WFMT might look like a radio station. But when Bernie and Rita Jacobs put the station on the air 60 years ago today, what they were really doing was starting a conversation. One you will not hear anywhere else.
To say WFMT is a radio station is like saying that the Taj Mahal is a nice building.
The WFMT conversation has always been between people. That sounds simple. But it’s not. In a world where “branding and content and image and market trends” shape lives and try to get strangers to buy things, WFMT is about people. That does not mean its some utopian, college radio station grown up. It is a classical music station. And it is a business. But it's also more.
It's people who speak out and share over the air. People who know how to make me believe they are talking to me. And when I have a comment, a question, want to answer back—they will answer. Ready for the conversation.
This grand WFMT conversation means that there have never been pre-recorded jingles or ads. For 60 years that’s been true. The staff announcers read the commercials. Those announcers are accessible. How accessible?
Imagine wanting to invite someone to breakfast at your house every morning. Not just that, but actually looking forward to the part they play in your home on Thanksgiving, Christmas, the first day of school, of the baseball season and strangely enough especially on Labor Day.
Carl Grapentine, WFMT morning man, has been that guest now for the past 25 years. And before that, growing up, a host of regularly rotating announcers played that role as I’d come down to breakfast, steal my sister’s share of bacon, and find my parents surrounded by my Mother’s Bach and my Dad’s Mahler and Beethoven. All from WFMT.
Bernie and Rita Jacobs started the conversation with people like Carl Sandburg and Frank Lloyd Wright. Then Studs Terkel showed up, opening the door to conversational treasures that were like rubies, diamonds and emeralds. If you read it in one of his books, chances are that he talked about it first on WFMT.
And while Studs extended the conversation out across the world, the station kept up that vision of including the world by expanding broadcasting into China and the Soviet Union. This was in 1979. A few years later, WFMT joined the European Broadcasting Union. Still the only American radio station to have that honor. In 1983, they first broadcast the Ring Cycle. Live from Bayreuth.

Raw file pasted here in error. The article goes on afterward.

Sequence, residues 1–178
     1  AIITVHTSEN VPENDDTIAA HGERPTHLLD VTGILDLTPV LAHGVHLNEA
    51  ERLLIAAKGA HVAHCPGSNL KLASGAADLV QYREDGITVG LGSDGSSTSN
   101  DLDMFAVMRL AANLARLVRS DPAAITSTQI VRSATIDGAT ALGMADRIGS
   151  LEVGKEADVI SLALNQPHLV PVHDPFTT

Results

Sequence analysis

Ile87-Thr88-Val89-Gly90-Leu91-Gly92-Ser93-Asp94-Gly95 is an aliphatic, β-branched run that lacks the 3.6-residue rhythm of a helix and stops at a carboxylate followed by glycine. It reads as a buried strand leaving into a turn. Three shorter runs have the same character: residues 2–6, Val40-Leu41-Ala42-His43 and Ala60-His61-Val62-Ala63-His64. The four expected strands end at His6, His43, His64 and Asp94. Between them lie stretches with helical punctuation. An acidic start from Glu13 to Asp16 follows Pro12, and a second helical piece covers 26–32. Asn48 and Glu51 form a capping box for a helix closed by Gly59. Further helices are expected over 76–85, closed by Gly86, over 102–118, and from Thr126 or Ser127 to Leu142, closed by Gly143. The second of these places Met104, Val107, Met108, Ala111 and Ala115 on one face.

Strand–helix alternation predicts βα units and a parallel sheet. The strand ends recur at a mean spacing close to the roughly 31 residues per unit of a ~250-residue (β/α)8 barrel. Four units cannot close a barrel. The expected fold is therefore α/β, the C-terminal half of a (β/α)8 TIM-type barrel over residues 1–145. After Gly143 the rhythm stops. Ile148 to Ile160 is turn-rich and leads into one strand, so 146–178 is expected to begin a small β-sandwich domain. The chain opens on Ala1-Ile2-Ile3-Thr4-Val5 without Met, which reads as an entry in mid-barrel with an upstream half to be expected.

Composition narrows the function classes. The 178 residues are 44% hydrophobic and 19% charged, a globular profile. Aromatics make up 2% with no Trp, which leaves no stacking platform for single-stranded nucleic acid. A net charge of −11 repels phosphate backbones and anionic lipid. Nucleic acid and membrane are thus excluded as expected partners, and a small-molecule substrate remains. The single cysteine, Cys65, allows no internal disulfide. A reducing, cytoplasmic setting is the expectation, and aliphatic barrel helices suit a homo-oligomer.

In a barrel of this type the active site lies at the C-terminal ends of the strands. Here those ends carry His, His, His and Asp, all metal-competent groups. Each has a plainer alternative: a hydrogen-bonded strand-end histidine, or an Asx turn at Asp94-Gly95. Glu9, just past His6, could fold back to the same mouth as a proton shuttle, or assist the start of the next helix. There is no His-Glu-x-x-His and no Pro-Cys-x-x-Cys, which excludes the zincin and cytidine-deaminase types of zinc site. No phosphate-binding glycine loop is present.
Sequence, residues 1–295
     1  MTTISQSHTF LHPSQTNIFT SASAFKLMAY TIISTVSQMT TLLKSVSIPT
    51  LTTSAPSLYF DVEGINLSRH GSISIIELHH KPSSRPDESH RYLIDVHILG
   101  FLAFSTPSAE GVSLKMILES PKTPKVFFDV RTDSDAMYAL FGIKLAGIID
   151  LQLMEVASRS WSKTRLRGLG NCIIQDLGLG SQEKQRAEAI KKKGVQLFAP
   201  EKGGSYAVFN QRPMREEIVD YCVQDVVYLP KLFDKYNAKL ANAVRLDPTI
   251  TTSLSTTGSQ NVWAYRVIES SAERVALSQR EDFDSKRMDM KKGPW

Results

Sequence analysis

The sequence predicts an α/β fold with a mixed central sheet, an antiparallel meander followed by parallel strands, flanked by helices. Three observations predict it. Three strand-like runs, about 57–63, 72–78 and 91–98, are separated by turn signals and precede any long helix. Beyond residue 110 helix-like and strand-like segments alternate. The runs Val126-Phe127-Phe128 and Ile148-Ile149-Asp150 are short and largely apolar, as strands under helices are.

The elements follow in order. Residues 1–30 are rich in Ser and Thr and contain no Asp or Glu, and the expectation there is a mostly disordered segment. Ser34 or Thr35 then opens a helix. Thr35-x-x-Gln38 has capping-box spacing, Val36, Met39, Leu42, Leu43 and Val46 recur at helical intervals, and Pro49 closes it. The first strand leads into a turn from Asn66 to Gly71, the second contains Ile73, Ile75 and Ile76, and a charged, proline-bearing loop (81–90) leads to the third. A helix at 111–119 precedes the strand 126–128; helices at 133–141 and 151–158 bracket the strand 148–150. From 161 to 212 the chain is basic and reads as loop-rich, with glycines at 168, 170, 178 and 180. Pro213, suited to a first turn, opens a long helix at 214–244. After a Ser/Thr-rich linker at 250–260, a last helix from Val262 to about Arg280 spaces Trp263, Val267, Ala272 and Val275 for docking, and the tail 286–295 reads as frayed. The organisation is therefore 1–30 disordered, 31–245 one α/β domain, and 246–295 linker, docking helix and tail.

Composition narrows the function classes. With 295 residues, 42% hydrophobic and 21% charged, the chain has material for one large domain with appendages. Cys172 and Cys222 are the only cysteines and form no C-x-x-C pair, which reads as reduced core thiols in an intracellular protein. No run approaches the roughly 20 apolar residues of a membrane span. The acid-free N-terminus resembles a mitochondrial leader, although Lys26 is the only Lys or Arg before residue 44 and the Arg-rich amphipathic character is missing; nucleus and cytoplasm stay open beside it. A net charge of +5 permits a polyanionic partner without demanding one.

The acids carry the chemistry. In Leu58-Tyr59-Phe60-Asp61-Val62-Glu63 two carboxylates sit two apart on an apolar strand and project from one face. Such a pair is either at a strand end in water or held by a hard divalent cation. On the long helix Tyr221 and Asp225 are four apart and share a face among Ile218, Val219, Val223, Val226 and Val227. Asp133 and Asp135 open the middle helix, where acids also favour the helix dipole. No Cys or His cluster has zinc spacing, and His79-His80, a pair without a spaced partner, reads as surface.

It’s a good day when the “house band” is The Chicago Symphony Orchestra.
So the WFMT conversation is available to anyone with an internet connection. World wide. Or if you are really fortunate, you can walk across the street like I did today and bathe in the live broadcasts being offered for free as part of the 60 year celebration.
But to really soak in that undercurrent of magic that runs along that river of culture broadcast to the world by WFMT—you need to feel the laughing wink and song of “The Midnight Special.”
Started by the acclaimed director Mike Nichols back in the 1950’s, put on the map by Norm Pellegrini and Ray Nordstrand and continued in grand tradition by Rich Warren, the show is the Saturday night, let it all go wild celebration of ‘folk music and farce, show tunes and satire’ and anything else that comes up in conversation.
Back before I can even pin down an age, I was so young, the New Years Eve Midnight Special was how I marked the passage of time. Staying up late, often just my Mom and I, the Midnight Special on WFMT was where folk music royalty held court after the clubs closed down. So Bob Gibson, Steve Goodman, Bonnie Koloc and John Prine ---and all who came before and after from The Old Town School of Folk Music, would sing and play the night into a brand new year.
And I got to go to that party. Be part of that joyous conversation. Later on in life I got to know some of the folks who made that conversation possible. Syd Lewis, Tony Judge, and Paul Engleman. Each of whom could I’m sure reel off dozens of names that also chimed in over the years.
Today WFMT celebrates 60 years. Their story, making culture thrive and grow out in the world. All by starting a conversation.
And for so very many of us who were given the golden opportunity to be part of this conversation, we get once again that feeling of a sun coming up again, listening to the great Ronnie Gilbert and The Weavers start to sing . . . .
My lord, what a morning!